"Since its founding in the 11th century, the Tower of London has served many roles: impregnable fortress, royal residence, armory, treasury, home of the famed Crown Jewels, and a prison for those who offended the monarchy. To this day it is guarded by the “Beefeaters,” a name that likely originates from when Tower guards were paid part of their salary with chunks of beef, a practice that continued until the 1800s."
Your vacation ends with breakfast this morning. (Breakfast)
Motorcoach; canal cruise in Amsterdam; Rhine River cruise; private boat ride in Venice; high-speed first-class TGV train; high-speed Eurostar train; Free Wi-Fi available on your motorcoach and in most hotel lobbies
Full buffet breakfast daily; 6 three-course dinners with wine, including 2 specials dinners in Venice and in Rome
With Globus, there’s no better way to get to know your destination than through the eyes of your Tour Director. Averaging over a decade... we’d like you to meet a Tour Director, who is representative of the type of expert that will be with you on your vacation.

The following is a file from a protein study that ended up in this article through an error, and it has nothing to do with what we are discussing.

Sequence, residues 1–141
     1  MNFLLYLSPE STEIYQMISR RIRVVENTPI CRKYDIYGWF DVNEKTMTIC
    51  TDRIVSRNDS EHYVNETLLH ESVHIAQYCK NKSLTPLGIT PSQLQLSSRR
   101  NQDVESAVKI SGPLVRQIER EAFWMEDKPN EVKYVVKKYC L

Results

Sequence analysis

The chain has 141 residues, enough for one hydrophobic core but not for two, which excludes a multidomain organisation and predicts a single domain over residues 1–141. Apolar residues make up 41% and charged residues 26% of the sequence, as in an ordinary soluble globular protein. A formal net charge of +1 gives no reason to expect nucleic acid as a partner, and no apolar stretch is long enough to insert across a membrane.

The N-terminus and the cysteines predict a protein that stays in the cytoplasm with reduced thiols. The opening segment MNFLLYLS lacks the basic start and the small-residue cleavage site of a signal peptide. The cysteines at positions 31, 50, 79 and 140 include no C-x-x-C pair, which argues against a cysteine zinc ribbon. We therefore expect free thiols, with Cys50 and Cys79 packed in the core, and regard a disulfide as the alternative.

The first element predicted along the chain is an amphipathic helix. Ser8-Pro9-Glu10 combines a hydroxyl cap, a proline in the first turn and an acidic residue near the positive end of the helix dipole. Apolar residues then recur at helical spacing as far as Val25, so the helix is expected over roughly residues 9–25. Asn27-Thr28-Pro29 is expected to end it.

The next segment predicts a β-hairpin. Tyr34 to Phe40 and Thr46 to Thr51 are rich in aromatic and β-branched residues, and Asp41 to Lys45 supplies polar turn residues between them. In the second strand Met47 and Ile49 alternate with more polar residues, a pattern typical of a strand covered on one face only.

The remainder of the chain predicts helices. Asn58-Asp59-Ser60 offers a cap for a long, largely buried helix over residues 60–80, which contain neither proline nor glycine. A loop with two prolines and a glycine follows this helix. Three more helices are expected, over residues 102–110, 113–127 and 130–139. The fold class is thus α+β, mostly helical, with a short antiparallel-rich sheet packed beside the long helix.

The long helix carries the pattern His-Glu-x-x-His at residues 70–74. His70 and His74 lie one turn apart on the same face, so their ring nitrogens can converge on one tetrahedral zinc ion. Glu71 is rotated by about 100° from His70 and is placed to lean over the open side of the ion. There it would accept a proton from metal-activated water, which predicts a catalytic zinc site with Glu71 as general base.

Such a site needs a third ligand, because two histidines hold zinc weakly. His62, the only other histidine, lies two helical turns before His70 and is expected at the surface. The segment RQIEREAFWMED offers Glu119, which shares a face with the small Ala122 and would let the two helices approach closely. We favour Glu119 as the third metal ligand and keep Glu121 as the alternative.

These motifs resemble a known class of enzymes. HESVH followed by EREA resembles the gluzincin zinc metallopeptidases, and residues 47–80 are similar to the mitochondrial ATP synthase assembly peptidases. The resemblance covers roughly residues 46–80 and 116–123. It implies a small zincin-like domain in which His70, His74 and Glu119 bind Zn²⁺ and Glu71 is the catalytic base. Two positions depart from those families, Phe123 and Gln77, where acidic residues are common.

BRIGITTE MAIER KARALL
Years of Experience: 32 years
Traveling is my passion, and I see Europe as my doorstep. I get the opportunity to help you experience different cultures, languages, and various lifestyles on one vacation. My goal is to ensure each person has a unique and personal experience.
|Four Ways Globus Eliminates the Hassles
Skip the lines and get special treatment at the must-see attractions.
We’ve done the work to find just the right hotels in just the right locations.
Take your heads out of the guidebook and let expert guides make every destination fascinating.
Leave the navigating to us – and just sit back and enjoy the ride. Learn how Globus is reducing transportation-related energy use and greenhouse gas emissions.
UNESCO World Heritage Sites
The following UNESCO World Heritage Sites can be seen or visited on the European Tapestry with London:
- Historic Centre of Florence
- Historic Centre of Rome - various properties Vatican City